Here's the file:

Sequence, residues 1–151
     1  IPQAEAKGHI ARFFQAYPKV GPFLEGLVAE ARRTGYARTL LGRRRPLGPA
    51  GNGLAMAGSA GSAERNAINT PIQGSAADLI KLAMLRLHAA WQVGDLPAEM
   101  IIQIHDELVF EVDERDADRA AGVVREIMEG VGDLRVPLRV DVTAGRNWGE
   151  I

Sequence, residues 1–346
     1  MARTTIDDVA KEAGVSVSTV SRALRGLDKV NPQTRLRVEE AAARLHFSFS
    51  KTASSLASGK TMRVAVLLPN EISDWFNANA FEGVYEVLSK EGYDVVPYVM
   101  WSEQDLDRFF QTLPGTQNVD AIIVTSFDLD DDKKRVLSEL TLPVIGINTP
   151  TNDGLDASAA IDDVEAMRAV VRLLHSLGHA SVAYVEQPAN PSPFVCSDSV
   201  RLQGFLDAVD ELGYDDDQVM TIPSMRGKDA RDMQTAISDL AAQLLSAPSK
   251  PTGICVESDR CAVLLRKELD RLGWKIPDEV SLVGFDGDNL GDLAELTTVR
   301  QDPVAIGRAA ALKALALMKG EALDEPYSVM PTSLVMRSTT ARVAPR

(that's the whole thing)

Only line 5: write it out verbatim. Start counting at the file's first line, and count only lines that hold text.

   151  I